Michelle Addington: There are times when you just want to lay by the window and feel the heat of the sun on your body. There are times when you just want to be in a corner. There are times when you want to feel a fresh breeze. You want to have those opportunities, but so much of our building has been designed to try to control that homogeneous environment. People are unwanted perturbations.

Lian Chang: We create heat.

Michelle Addington: Not only do we create heat, but we don’t behave properly. Rudolph Hall [at Yale] underwent an extensive renovation five years ago. They eliminated operable windows because they were putting in a state-of-the-art HVAC system but couldn’t afford override controls to prevent people from opening windows. There’s this idea that to make the system work properly, you have to control people’s behavior, that people are the problem as to why buildings don’t perform better. Instead of trying to deal with smart glazing, why not invent one tiny panel where the smartness would be in how it directs heat radiation at neck level? That would be discrete and strategic.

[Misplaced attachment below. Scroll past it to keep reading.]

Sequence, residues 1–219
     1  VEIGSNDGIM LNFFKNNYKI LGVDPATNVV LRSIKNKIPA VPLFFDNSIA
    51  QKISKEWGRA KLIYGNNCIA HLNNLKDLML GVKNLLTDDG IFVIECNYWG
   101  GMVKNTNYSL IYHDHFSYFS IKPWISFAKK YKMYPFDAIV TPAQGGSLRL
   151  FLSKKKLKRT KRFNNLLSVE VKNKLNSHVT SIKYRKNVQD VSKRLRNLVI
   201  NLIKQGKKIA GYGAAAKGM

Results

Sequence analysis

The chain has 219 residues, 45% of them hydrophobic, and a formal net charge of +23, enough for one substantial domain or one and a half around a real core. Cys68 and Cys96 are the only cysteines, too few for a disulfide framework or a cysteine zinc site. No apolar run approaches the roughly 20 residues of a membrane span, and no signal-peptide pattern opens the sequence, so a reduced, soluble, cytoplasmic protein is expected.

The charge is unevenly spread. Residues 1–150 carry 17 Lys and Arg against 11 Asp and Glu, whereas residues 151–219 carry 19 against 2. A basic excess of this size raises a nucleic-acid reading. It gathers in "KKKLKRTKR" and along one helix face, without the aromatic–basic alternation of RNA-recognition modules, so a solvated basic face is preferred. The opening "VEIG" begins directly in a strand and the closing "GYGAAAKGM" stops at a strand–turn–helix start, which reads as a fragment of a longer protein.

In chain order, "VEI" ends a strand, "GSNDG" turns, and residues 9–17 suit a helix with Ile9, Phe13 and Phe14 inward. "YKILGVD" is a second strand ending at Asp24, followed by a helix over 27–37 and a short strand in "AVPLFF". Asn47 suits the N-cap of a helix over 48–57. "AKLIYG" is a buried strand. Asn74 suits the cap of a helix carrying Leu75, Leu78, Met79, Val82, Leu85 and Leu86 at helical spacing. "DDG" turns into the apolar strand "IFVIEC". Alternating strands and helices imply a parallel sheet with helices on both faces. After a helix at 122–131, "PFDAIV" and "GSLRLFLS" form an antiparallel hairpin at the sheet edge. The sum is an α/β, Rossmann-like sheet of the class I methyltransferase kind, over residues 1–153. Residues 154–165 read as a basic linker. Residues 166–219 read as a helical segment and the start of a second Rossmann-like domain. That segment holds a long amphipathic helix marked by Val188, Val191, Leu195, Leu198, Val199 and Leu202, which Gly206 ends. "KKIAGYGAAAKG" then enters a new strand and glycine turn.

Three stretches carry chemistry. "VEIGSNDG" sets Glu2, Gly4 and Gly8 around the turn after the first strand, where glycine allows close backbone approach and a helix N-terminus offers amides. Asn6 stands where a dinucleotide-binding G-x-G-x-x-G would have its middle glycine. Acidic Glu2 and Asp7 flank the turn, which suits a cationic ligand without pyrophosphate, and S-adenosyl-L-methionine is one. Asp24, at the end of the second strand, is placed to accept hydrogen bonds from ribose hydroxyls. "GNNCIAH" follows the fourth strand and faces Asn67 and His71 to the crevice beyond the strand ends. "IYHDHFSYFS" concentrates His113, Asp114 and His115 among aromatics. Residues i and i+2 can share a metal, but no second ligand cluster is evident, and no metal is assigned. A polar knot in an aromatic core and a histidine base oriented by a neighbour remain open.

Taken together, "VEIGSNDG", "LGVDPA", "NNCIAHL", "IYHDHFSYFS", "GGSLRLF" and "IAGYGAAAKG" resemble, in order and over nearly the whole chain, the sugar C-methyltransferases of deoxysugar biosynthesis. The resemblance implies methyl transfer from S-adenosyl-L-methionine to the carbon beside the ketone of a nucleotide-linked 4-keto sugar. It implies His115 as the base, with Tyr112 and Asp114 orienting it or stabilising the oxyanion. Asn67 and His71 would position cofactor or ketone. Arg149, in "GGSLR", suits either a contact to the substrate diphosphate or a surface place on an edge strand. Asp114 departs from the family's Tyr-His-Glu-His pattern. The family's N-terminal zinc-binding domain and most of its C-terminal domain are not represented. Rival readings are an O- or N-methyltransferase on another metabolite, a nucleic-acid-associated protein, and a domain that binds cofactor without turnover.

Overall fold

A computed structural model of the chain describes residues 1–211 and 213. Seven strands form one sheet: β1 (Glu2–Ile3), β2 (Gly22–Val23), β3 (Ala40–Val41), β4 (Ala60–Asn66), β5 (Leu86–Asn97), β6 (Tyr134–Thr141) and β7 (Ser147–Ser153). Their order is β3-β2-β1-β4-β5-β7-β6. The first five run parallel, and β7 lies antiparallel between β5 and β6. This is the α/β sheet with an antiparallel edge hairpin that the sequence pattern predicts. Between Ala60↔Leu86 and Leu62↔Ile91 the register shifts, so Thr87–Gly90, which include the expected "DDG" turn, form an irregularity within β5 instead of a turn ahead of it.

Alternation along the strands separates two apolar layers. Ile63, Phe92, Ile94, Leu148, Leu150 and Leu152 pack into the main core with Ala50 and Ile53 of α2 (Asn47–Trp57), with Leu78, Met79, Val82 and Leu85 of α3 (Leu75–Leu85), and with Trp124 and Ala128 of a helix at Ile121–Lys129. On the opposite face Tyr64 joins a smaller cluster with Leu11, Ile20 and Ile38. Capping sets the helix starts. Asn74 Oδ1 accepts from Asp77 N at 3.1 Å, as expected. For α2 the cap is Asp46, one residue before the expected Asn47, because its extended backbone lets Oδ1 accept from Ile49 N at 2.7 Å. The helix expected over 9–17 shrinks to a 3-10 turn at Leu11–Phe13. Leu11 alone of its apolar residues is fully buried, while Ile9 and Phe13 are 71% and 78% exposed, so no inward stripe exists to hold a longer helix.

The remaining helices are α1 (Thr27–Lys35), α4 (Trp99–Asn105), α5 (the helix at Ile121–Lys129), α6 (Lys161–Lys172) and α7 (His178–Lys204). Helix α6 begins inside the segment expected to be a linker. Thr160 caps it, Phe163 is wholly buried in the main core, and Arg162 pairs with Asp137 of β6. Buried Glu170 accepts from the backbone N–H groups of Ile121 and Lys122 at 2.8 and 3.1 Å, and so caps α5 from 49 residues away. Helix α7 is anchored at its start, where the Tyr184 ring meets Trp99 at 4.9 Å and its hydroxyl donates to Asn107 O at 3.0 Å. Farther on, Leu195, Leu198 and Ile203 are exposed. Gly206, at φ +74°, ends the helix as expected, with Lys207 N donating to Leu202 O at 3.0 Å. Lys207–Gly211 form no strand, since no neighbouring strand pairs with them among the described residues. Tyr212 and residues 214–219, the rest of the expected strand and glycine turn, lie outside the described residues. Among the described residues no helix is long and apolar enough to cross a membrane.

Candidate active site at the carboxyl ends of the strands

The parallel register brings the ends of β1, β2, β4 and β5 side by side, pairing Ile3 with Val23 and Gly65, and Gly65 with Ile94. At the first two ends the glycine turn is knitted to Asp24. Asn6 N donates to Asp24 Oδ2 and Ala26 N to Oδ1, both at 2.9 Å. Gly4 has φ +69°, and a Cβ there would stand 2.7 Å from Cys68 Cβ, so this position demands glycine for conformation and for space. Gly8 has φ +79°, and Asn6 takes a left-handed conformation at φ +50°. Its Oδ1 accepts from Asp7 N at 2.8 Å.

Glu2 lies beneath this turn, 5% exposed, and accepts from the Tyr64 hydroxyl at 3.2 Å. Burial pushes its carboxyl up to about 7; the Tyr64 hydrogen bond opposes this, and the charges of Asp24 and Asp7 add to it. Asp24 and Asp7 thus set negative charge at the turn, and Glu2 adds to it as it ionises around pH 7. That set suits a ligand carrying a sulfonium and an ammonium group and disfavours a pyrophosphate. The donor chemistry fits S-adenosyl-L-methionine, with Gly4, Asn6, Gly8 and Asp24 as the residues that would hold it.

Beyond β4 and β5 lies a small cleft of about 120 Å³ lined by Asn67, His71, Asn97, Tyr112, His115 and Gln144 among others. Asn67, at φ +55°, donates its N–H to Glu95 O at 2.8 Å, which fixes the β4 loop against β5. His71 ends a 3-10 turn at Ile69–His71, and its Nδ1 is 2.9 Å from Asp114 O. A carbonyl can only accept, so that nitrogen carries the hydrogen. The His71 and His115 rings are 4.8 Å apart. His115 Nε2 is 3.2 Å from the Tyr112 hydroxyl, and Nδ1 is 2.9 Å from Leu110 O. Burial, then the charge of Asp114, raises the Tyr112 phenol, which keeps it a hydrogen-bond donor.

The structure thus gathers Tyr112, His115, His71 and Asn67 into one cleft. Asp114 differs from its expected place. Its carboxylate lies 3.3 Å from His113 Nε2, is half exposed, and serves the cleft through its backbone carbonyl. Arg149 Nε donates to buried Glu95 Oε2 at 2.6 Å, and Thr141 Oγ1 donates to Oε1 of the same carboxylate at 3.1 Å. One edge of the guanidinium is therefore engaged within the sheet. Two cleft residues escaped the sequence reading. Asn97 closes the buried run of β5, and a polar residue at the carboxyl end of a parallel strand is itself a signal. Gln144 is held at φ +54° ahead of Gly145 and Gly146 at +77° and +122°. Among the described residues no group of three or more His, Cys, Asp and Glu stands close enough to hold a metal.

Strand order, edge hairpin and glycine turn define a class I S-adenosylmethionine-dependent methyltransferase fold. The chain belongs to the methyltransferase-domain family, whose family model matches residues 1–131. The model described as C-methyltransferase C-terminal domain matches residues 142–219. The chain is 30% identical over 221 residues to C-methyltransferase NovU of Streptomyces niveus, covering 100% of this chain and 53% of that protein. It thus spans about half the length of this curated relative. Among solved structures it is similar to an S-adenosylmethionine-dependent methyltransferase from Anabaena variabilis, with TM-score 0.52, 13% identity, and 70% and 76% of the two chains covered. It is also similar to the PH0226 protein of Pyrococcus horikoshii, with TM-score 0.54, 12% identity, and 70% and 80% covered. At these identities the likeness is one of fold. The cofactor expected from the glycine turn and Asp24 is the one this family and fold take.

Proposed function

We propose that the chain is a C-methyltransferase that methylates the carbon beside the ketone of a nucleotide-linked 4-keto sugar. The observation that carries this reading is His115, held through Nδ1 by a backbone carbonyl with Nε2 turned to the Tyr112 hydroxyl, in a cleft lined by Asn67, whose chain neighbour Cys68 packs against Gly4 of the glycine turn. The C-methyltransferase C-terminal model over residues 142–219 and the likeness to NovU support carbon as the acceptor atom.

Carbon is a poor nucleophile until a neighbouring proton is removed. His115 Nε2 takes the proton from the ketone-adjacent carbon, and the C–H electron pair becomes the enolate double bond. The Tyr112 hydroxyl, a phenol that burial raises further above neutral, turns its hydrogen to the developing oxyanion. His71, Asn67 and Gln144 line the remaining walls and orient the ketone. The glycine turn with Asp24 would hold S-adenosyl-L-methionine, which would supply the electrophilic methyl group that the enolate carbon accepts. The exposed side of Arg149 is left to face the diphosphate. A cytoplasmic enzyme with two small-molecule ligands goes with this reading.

Lian Chang: And that might create different experiences within a building.

Michelle Addington: I like to think of it as creating sensual pleasure. What the body needs for health is minimal: we need a certain amount of fresh air; temperatures not too hot or below freezing. So the rest of it is in dealing with definitions of comfort and determinations of thermal pleasure. Our entire HVAC systems are designed as if both are one and the same, but comfort is actually very local in terms of parts of the body, whereas health is the part that depends upon dilution. You need the dilution for health, but you don’t need it for comfort, so separate the two.